With the translation of Homer terminated all the brightest period of Cowper’s life. There is little else to say. He undertook an edition of Milton—a most difficult task, involving the greatest and most accurate learning, in theology, in classics, in Italian—in a word, in all ante-Miltonic literature. By far the greater portion of this lay quite out of Cowper’s path. He had never been a hard student, and his evident incapacity for the task troubled and vexed him. A man who had never been able to assume any real responsibility was not likely to feel comfortable under the weight of a task which very few men would be able to accomplish. Mrs. Unwin too fell into a state of helplessness and despondency; and instead of relying on her for cheerfulness and management, he was obliged to manage for her, and cheer her. His mind was unequal to the task. Gradually the dark cloud of melancholy, which had hung about him so long, grew and grew, and extended itself day by day. In vain Lord Thurlow, who was a likely man to know, assured him that his spiritual despondency was without ground; he smiled sadly, but seemed to think that at any rate he was not going into Chancery. In vain Hayley, a rival poet, but a good-natured, blundering, well-intentioned, incoherent man, went to and fro, getting the Lord Chief Justice and other dignitaries to attest, under their hands, that they concurred in Thurlow’s opinion. In vain, with far wiser kindness, his relatives, especially many of his mother’s family, from whom he had been long divided, but who gradually drew nearer to him as they were wanted, endeavoured to divert his mind to healthful labour and tranquil society. The day of these things had passed away—the summer was ended. He became quite unequal to original composition, and his greatest pleasure was hearing his own writings read to him. After a long period of hopeless despondency he died on 25th April, in the first year of this century; and if he needs an epitaph, let us say, that not in vain was he Nature’s favourite. As a higher poet sings:—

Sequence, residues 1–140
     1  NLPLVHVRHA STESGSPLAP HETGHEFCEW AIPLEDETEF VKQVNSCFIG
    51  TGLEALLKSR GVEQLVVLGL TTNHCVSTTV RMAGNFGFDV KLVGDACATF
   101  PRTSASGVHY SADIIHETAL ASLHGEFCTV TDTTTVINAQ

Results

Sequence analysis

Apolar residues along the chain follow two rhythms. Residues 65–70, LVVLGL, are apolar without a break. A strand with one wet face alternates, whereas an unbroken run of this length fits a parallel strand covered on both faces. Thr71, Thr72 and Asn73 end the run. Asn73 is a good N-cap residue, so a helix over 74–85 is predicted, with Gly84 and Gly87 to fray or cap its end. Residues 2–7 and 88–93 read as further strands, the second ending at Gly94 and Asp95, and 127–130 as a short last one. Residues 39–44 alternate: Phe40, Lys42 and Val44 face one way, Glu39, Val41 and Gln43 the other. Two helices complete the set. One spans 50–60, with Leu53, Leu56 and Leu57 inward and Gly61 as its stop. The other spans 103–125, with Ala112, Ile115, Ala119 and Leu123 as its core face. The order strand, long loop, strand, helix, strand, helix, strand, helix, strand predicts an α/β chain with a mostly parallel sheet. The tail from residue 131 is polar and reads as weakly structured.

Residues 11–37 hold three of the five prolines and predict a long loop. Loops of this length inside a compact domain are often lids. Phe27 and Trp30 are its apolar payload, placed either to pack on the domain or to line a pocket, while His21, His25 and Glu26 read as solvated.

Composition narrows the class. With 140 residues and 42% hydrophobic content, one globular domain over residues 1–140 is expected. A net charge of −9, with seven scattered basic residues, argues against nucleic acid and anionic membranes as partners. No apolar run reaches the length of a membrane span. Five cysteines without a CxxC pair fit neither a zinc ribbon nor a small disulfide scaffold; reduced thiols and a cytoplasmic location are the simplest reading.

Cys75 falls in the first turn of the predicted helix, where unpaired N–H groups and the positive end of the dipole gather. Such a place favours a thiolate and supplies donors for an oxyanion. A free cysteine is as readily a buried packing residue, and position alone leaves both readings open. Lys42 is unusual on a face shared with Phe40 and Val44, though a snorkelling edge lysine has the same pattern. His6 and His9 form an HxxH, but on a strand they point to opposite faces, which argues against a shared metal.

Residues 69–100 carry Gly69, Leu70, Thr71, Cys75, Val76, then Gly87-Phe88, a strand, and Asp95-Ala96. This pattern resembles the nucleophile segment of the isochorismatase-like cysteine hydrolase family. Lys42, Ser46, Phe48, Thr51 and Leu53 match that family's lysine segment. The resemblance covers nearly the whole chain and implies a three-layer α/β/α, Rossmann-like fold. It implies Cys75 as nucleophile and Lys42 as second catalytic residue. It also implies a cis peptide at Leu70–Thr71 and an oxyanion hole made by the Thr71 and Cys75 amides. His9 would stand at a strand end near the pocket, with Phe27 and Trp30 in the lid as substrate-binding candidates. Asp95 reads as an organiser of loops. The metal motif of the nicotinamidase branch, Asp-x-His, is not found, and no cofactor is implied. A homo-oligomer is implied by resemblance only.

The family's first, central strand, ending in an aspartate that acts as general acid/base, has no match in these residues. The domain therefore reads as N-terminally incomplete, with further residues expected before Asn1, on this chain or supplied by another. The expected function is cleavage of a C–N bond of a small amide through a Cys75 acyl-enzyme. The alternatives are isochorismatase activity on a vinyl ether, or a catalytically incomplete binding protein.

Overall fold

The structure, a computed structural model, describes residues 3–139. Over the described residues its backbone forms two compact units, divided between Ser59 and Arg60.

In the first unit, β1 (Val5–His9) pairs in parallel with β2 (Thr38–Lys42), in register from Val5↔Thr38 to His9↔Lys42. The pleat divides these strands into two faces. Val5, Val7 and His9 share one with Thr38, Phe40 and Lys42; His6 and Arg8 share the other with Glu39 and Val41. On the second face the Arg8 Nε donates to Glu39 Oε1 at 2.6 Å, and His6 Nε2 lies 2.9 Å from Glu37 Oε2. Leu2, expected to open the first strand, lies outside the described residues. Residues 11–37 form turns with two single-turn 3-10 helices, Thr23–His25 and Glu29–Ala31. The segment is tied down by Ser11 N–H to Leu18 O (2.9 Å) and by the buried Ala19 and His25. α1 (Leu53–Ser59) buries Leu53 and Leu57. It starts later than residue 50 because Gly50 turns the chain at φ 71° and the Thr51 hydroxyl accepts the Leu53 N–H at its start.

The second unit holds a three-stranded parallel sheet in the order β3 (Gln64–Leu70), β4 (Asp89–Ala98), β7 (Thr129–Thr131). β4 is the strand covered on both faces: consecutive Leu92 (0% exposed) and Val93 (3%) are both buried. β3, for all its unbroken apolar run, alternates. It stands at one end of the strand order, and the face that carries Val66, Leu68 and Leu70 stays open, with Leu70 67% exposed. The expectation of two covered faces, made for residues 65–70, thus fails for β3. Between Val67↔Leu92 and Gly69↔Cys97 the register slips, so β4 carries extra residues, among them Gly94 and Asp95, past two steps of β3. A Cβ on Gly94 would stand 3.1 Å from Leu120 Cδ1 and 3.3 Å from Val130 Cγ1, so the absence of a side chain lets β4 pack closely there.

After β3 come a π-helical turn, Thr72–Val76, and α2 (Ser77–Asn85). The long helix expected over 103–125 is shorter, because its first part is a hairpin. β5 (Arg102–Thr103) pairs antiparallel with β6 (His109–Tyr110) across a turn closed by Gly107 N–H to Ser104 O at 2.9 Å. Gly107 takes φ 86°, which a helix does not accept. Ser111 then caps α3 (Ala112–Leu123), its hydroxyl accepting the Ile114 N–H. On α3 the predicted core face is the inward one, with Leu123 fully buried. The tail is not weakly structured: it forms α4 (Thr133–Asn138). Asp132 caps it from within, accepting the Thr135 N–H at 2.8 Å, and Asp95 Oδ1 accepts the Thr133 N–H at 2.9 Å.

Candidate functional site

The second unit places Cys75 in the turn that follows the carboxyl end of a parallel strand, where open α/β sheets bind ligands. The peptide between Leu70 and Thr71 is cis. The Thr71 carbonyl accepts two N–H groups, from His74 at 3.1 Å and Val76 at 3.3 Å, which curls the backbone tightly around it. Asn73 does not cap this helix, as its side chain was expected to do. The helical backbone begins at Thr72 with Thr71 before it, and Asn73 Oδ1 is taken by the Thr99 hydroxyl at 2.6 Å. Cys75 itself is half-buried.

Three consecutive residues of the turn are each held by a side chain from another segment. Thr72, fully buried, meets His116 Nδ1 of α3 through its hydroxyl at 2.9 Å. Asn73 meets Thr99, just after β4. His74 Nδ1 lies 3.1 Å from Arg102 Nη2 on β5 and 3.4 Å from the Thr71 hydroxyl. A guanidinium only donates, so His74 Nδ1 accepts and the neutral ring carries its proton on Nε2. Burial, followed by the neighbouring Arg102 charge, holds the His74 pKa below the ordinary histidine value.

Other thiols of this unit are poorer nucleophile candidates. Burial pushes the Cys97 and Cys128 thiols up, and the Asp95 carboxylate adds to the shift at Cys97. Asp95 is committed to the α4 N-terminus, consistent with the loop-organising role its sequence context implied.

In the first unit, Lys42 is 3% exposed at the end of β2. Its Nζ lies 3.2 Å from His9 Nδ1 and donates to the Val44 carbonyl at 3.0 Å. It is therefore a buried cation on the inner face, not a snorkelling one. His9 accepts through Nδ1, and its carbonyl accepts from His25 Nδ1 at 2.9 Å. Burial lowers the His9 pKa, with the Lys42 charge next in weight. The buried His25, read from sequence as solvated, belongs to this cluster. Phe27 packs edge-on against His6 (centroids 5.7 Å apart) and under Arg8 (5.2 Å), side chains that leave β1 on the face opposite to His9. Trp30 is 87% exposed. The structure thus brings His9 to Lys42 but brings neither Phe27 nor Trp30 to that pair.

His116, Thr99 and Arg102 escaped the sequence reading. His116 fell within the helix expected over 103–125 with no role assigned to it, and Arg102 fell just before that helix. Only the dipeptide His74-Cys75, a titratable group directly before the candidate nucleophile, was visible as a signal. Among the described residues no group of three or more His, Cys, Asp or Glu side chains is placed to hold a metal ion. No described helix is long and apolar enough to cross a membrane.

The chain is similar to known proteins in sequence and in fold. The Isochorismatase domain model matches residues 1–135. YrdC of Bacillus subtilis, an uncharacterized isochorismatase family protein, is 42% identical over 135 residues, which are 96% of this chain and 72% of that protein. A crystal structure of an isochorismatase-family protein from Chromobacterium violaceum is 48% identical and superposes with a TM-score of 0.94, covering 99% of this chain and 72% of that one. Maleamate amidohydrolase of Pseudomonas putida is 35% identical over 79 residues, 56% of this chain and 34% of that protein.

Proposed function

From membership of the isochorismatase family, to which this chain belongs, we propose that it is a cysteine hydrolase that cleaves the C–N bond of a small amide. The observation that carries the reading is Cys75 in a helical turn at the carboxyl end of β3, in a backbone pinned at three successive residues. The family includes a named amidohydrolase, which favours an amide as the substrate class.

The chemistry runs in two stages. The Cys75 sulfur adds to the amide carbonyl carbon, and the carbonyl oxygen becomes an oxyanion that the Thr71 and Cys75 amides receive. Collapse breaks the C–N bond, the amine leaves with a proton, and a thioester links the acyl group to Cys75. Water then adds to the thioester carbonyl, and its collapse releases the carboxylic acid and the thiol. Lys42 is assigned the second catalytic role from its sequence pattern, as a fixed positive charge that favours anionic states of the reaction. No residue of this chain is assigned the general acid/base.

[1 ]Poetical Works of William Cowper. Edited by Robert Bell. J. W. Parker and Son.
The Life of William Cowper, with Selections from his Correspondence. Being volume i. of the Library of Christian Biography, superintended by the Rev. Robert Bickersteth. Seeley, Jackson and Co.
[1 ]Iliad, book ii., Cowper’s translation, revised by Southey.
[2 ]Tristram Shandy, book iv., chap. vii.
[3 ] Wordsworth: “Tintern Abbey”.
[4 ] Bacon: Dedication to Essays.
[1 ] This was the second article in the first number of the National Review.“There scattered oft, the earliest of the year,By hands unseen are showers of violets found;The redbreast loves to build and warble there,And little footsteps lightly print the ground.”—
[1 ] Verse in Gray’s “Elegy,” cancelled by him. (Forrest Morgan.)
[1 ] Autobiography.
[1 ] Southey, quoting a letter of Cowper to Lady Hesketh.
[1 ] Milton: “L’Allegro”.
[2 ] “Retirement.”
[1 ] Letter to Mrs. Cowper, 20th October, 1766.
[1 ] Letter to Thornton.
[1 ] Wordsworth: Excursion, book i,
[1 ] Shelley: “The Sunset”.
[2 ]Ibid.: “Alastor”.
[1 ] Burns. “Fare thee weel, thou best and dearest”.
[1 ]Defence of Poetry.
[1 ]Lady of the Lake, canto vi.
[1 ] “The Task.”
[1 ] “The Task.”
[2 ]Mansfield Park, chap. xix.
[1 ] “Tintern Abbey.”
[1 ] “The Task.”
[1 ] Wordsworth: “Tintern Abbey”.
[2 ] Wordsworth: “Peter Bell”.
[1 ] Shelley: “Sonnet,” 1813.
[1 ] Wordsworth: “Feast of Brougham Castle”.
[1 ] Wordsworth: “Feast of Brougham Castle”.
[1 ] Wordsworth: “To the Daisy”.